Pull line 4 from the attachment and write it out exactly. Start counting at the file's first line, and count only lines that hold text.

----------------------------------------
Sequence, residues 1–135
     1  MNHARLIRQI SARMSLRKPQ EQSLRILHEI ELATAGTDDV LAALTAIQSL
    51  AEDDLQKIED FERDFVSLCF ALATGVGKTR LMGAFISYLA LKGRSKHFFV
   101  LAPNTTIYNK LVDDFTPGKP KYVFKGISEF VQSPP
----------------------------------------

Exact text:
   101  LAPNTTIYNK LVDDFTPGKP KYVFKGISEF VQSPP